Historically, The Chicago Community Trust has focused on placing grant money in the hands of nonprofit organizations to do good in our region and beyond. In the universe of investments, those grants are considered a 100 percent “loss.” We do not expect nor want those dollars back. We give the grants away so nonprofit organizations can fulfill their social missions. Before we distribute those grants, however, endowment and other assets are invested for financial return. Traditional investing seeks the highest return – investing in an asset allocation between stocks and bonds to maximize upside potential and minimize downside risk – without regard to the social impact those investments have within our community, region, country, world. When doing good in our defined location, the Trust is among many philanthropic institutions that are increasingly recognizing our changemaker responsibilities through both grants and financial investments.
Social impact investing – sometimes termed impact-first investing – encompasses many kinds of investing. ESG (Environmental, Social, Governance) has received significant attention lately from investment firms of all types. Many investors, including public charities like the Trust, are asking their asset managers to audit the companies within their portfolios for their commitment to environmental and social considerations. Since 1969, private foundations have had the ability through federal law to make program-related investments (PRIs) – “investments” made to nonprofits or for-profit companies that can be forgiven as loans, and thus qualify as grants per IRS regulations. While the Trust is a public charity, not a private foundation, we have benefited from focused efforts of PRIs within the industry. Expanding on the concept, high net worth households and philanthropic institutions are considering how their financial investments can align with their missions or overall program goals, creating what is often referred to as mission-related investing.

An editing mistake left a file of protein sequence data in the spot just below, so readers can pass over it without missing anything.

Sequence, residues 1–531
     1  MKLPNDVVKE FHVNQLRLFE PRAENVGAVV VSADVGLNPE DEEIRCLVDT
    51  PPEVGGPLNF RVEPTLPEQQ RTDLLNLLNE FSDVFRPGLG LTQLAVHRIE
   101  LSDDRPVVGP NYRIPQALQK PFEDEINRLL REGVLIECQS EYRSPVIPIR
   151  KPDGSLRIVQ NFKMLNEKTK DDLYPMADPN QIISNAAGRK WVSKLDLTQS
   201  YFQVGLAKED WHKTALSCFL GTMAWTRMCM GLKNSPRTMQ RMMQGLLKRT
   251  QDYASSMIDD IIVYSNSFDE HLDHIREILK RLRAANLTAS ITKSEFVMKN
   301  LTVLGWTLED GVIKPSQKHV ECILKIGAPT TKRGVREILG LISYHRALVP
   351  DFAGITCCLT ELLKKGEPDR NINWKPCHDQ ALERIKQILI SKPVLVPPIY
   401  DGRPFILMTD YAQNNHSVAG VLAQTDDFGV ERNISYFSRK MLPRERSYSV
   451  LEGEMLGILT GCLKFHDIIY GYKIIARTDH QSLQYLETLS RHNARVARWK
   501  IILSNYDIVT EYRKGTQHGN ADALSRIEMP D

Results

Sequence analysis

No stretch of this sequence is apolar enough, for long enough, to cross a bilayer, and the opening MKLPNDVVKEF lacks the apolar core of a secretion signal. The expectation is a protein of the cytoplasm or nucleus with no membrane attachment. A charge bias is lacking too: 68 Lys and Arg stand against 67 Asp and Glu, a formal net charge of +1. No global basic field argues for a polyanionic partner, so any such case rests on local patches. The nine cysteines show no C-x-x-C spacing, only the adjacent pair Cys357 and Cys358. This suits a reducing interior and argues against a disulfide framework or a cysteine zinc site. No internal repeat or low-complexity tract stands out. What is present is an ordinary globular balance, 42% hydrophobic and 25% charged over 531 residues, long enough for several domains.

Advancing social priorities through our investments can be an outsized influencer. As a sponsor of donor advised funds (DAFs), the Trust plays an interesting role relative to social impact return. The Trust advocates for all DAF holders to make annual grants, plus we offer ways for DAF dollars to make a positive social impact prior to grantmaking. For well over a decade, our growth pool has intentionally sought out diverse asset managers, defined by us as women and minority-owned or managed asset managers. To provide context, only 2 percent of all asset managers nationwide are women or minority-owned or managed. As of the writing of this article, approximately 25 percent of the asset managers in our growth pool are diverse, creating an outsized impact.
In 2016, we launched Benefit Chicago, in partnership with the MacArthur Foundation and Calvert Impact Capital, to provide financial investment capital to efforts advancing social returns, including wealth building, job creation, and job readiness in communities of color. We allocated a portion of our growth pool to Benefit Chicago, enabling all DAF holders with assets in our growth pool to have a small piece of Benefit Chicago in their portfolio. Our latest offering for DAF holders with funds exceeding $250,000 consists of a menu of impact-first investments through our impact investing program. Donor advisors view a variety of investment offerings and recommend investing in those that align with their own social impact goals – essentially doubling the opportunity for dollars to make a difference.
The Trust is committed to closing the Chicago region’s racial and ethnic wealth gap. Of course, this means making grants to organizations that are working in communities historically overlooked by private, public and philanthropic investment. As the manager of more than $3 billion in donor funds, by deliberately considering how dollars are invested, we can catalyze both the social and financial impact of our investments.